FOR IMMEDIATE RELEASE
NEW ORLEANS, LA The Promise of Justice Initiative’s newly released report, Punished Protesters: Conditions in East Baton Rouge Parish Prison, presents a disturbing window in to the conditions of the East Baton Rouge Parish prison and the inhumane, punitive conditions endured by people arrested and detained in the East Baton Rouge Parish Prison.
Reports from protesters arrested and detained during the 2016 protests of the killing of Alton Sterling by Baton Rouge police officers highlight the inhumanity of the prison, including physical violence, denial of basic sanitation and medical care, and disregard of due process. The investigation made clear, not only that the conditions of confinement at the East Baton Rouge Parish Prison are inhumane, but a level of cruel intentionality to the treatment of detained citizens.
The weekend following Mr. Sterling’s killing, thousands of people gathered in Baton Rouge, Louisiana to peacefully protest the murder of Mr. Sterling, as well as police brutality, primarily against African American men, across the nation. Somewhere between 180 and 200 civil rights demonstrators were arrested during the protests from July 8-10, 2016 Over 67% of these arrestees were African-American, and nearly 90% of those arrested were charged with obstruction of a highway. Most of the protesters were booked, processed, and held at the East Baton Rouge Parish Prison, sometimes for days.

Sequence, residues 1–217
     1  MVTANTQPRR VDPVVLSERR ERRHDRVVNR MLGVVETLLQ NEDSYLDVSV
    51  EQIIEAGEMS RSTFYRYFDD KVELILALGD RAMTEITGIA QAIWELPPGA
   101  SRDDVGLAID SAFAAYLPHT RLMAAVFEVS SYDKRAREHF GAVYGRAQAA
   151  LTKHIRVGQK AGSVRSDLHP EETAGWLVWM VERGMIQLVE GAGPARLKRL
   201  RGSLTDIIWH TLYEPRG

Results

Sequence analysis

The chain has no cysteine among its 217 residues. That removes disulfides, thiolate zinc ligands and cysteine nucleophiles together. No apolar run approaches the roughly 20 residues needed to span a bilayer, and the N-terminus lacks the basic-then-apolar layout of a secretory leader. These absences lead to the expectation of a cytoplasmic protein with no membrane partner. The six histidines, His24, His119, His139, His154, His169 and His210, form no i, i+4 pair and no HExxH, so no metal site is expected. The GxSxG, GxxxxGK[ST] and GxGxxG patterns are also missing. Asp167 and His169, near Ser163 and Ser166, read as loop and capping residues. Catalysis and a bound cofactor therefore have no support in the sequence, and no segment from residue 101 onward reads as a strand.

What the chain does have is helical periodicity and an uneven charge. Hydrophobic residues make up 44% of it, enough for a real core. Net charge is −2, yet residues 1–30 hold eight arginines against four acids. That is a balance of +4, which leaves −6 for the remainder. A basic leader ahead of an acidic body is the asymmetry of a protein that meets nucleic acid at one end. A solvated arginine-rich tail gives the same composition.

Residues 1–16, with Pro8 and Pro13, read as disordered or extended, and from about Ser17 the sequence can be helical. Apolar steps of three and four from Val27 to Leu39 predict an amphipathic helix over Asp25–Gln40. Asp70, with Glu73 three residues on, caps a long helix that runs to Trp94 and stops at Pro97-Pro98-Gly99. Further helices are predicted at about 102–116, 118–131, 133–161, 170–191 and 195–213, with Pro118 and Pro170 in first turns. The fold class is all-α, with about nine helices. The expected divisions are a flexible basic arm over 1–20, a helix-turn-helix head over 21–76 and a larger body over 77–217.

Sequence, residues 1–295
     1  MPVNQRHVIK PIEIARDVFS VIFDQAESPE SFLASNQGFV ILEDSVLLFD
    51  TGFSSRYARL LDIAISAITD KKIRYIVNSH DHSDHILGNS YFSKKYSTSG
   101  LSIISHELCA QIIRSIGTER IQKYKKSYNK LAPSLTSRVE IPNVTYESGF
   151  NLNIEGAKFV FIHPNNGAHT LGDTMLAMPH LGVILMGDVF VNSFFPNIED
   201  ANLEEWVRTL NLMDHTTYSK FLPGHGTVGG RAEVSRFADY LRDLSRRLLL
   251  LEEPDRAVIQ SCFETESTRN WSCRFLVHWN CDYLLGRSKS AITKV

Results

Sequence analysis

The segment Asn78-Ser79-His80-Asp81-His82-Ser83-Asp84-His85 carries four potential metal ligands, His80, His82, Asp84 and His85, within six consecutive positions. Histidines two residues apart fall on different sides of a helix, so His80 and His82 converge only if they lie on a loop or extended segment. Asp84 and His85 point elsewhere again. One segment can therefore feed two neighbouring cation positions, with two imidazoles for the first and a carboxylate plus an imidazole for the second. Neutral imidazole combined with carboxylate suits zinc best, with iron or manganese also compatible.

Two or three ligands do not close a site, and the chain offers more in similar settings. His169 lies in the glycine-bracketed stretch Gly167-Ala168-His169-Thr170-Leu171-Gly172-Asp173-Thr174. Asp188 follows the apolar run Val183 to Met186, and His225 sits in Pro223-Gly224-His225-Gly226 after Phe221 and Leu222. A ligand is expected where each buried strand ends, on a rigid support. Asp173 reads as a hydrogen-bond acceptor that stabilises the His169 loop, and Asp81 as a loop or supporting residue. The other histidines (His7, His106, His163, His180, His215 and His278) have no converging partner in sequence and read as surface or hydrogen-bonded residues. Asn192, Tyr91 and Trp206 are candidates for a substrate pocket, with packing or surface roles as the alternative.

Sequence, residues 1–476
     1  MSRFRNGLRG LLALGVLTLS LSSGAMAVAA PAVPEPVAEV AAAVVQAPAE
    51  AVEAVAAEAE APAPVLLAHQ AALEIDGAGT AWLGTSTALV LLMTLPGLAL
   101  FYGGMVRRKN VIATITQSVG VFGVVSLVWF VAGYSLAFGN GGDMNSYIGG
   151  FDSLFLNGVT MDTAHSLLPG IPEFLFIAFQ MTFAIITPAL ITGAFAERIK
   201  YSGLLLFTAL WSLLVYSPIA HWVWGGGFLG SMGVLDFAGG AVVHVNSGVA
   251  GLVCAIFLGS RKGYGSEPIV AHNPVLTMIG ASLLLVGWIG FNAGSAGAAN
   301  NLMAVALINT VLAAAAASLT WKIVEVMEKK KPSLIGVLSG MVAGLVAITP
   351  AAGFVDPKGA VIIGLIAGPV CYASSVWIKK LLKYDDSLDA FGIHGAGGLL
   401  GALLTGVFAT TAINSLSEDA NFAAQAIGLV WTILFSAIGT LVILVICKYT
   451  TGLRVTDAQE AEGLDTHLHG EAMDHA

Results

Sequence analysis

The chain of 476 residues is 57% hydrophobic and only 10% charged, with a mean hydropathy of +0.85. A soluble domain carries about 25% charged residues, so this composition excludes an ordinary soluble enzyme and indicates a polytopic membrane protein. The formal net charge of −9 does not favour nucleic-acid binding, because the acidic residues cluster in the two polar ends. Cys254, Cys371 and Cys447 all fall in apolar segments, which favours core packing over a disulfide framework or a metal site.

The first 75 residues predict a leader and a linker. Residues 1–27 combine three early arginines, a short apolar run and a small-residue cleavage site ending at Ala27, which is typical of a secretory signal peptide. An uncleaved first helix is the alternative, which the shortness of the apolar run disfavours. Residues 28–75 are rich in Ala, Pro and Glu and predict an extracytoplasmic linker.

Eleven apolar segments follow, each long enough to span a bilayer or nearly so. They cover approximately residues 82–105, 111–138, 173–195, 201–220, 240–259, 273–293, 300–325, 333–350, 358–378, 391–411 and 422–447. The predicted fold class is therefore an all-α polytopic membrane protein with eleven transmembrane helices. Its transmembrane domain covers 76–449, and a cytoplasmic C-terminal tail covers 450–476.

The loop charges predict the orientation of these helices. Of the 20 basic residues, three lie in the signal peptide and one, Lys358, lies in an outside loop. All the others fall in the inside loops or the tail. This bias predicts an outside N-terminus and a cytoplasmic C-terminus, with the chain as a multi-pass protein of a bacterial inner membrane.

Erica Navalance, principle author of the report, notes: “[T]he two most disturbing aspects of our investigation were 1) that those detained for minor infractions were forced to endure threats of brutal force and humiliation, 2) that it might actually be worse for those regularly arrested in East Baton Rouge on minor offenses, unable to make bond, when the whole world is not watching.”
Ben Cohen, Of Counsel at The Promise of Justice Initiative, observed that the treatment of protesters in the East Baton Rouge Parish Prison in 2016 was “disturbingly similar to the treatment that African-American students endured in the early 1960’s, when civil rights advocates fought segregation in the city. It’s as if nothing has changed but the temperature.”
The Promise of Justice Initiative’s report details the conditions of the prison, the experiences of the arrested protesters, and the governing legal standards for detention of arrestees, based on more than a dozen interviews conducted on July 11th and 12th of 2016 and June 2017, in conjunction with prison policy manuals, local and national statistics, and independent investigations and studies into East Baton Rouge Parish Prison.